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The environment deserves our care

November 27, 2010

I completely disagree with Los Angeles County Supervisor Mike Antonovich's "no" vote on banning single-use plastic bags in the county and his reasons for doing so ("Not the proper time for a bag ban," Nov. 24).

He claims it puts an unfair burden on the consumer and businesses. I say not banning single-use plastic bags puts an unfair burden on our environment. And, like it or not, we need our environment to be healthy or we won't have anything left to consume.

No one can deny that our environment has been badly abused. Anyone who wants to argue the point should do so from the top of the Great Pacific Garbage Patch floating off the coast of California. From smog alerts, to toxic waste flooding entire villages, to massive oil spills (those plastic bags are petroleum products, folks) we are all consumers in every sense of the word and, frankly, it's time to pay the piper.

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Here's a great way to get past that 10-cent charge for a bag if you forget your reusable bags at home. Just have the bagger put the items in the cart without bags, unload your items into your car and when you get home, get your reusable bags and bag your items from there. Sure, it's an extra step and may not be worth the 10-cent savings to some, but it's a small price to pay when we owe our environment so much.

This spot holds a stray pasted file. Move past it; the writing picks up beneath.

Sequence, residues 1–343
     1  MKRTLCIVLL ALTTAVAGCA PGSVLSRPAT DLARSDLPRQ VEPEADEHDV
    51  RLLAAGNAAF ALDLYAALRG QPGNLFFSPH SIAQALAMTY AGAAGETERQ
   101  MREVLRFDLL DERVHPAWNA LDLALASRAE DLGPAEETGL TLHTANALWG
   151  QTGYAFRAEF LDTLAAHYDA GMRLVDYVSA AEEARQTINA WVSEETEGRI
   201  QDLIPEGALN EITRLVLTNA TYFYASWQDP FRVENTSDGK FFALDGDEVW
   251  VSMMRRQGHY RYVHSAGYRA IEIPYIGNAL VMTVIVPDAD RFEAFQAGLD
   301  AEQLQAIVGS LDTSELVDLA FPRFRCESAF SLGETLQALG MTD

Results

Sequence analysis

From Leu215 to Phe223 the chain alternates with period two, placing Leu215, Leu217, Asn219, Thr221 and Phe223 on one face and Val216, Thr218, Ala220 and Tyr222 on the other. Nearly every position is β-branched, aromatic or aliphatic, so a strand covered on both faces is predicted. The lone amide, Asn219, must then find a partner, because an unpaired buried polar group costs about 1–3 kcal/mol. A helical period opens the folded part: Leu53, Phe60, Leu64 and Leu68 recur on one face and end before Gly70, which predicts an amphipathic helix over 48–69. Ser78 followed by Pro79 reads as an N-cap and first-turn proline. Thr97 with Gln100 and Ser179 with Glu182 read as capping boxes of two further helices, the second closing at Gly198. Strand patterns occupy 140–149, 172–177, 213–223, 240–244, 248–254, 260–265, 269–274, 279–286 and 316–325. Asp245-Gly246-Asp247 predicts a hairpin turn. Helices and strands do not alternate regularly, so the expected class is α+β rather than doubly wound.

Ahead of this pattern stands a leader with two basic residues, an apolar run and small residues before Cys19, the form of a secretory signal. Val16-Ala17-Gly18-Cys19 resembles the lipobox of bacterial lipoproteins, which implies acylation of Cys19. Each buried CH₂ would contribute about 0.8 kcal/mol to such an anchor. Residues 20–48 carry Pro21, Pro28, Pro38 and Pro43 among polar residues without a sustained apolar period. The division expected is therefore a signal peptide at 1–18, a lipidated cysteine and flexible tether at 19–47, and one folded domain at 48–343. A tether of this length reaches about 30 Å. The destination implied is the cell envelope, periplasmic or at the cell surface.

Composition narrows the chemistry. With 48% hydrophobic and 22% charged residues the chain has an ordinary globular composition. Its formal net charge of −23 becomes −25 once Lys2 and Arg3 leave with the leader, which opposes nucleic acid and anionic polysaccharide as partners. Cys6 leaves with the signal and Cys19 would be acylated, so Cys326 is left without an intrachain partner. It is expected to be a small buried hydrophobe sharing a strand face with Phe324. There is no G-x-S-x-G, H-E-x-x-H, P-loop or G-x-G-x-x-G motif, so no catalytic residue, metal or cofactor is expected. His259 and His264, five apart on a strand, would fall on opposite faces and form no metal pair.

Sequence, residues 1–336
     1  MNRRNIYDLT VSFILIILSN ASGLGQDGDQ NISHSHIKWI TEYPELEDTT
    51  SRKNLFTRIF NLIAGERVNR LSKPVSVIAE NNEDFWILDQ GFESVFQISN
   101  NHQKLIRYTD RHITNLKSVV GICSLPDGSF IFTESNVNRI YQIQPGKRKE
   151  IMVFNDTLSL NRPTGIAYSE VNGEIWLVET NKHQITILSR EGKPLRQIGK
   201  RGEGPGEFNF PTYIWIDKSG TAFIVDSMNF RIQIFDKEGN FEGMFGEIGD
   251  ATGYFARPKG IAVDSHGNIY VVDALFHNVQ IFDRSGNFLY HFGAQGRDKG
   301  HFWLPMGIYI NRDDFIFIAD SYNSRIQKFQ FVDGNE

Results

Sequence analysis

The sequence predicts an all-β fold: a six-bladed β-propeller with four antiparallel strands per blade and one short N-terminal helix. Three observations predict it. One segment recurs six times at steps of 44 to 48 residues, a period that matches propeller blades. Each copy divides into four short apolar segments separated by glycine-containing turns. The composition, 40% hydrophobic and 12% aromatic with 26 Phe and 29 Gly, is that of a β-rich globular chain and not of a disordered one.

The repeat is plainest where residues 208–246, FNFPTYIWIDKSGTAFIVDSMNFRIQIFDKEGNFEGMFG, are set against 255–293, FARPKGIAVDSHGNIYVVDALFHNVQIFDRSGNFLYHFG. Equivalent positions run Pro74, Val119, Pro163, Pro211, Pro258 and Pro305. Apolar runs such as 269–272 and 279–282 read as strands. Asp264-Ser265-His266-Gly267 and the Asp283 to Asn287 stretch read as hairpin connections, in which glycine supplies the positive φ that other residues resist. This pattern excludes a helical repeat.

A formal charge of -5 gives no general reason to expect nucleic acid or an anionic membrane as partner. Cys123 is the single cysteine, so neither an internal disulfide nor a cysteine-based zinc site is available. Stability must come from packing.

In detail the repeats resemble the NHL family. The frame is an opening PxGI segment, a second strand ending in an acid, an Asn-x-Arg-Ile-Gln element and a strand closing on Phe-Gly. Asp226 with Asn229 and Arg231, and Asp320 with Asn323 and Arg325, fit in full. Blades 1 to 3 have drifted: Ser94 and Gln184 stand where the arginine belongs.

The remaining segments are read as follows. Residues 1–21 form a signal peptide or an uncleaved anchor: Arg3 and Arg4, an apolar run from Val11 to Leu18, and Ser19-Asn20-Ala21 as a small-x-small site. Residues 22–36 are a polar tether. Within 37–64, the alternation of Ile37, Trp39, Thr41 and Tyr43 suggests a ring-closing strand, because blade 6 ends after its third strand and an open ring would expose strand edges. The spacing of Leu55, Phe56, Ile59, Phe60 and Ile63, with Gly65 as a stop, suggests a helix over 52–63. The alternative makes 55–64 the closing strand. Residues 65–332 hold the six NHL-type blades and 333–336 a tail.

Please, people, stop taking only convenience into account when you make a purchase, drive to a destination only a few blocks away, or toss something away. Think about the repercussions of your choices. Think about the planet we're leaving to our children and grandchildren.

It's already past the point of no return for thousands of extinct species of plants and animals. With the exception of those lost due to the last major climate change (also known as the Ice Age), we humans are single-handedly responsible for their loss. Nature was doing a fine job balancing things before the Industrial Age.

Let's do what we can to make sure our environment survives the next century intact, and that humans aren't on the endangered list 50 years from now.

Amiee Klem

Glendale

Reusable bags are easier to use

Once again the 30-plus-year windbag, Los Angeles County Supervisor Mike Antonovich, gets published in the Burbank Leader in his ongoing effort to make it 40 or more years at the public trough ("Not the proper time for a bag ban," Nov. 24).

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